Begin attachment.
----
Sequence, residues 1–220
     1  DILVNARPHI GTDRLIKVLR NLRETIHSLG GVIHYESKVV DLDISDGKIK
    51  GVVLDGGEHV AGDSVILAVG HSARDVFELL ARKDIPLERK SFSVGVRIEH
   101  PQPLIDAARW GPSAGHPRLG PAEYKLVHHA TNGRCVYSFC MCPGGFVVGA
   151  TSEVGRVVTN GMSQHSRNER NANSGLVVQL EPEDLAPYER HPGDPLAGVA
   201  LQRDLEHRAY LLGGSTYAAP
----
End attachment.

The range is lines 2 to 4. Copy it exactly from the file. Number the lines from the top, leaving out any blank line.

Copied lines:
     1  DILVNARPHI GTDRLIKVLR NLRETIHSLG GVIHYESKVV DLDISDGKIK
    51  GVVLDGGEHV AGDSVILAVG HSARDVFELL ARKDIPLERK SFSVGVRIEH
   101  PQPLIDAARW GPSAGHPRLG PAEYKLVHHA TNGRCVYSFC MCPGGFVVGA